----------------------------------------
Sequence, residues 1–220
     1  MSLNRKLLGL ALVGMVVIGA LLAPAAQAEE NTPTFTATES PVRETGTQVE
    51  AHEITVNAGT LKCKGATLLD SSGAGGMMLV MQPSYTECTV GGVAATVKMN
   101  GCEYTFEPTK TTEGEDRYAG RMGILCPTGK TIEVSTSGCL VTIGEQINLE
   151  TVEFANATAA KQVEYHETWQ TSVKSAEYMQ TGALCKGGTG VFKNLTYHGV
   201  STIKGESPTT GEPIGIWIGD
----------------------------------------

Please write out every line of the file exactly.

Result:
Sequence, residues 1–220
     1  MSLNRKLLGL ALVGMVVIGA LLAPAAQAEE NTPTFTATES PVRETGTQVE
    51  AHEITVNAGT LKCKGATLLD SSGAGGMMLV MQPSYTECTV GGVAATVKMN
   101  GCEYTFEPTK TTEGEDRYAG RMGILCPTGK TIEVSTSGCL VTIGEQINLE
   151  TVEFANATAA KQVEYHETWQ TSVKSAEYMQ TGALCKGGTG VFKNLTYHGV
   201  STIKGESPTT GEPIGIWIGD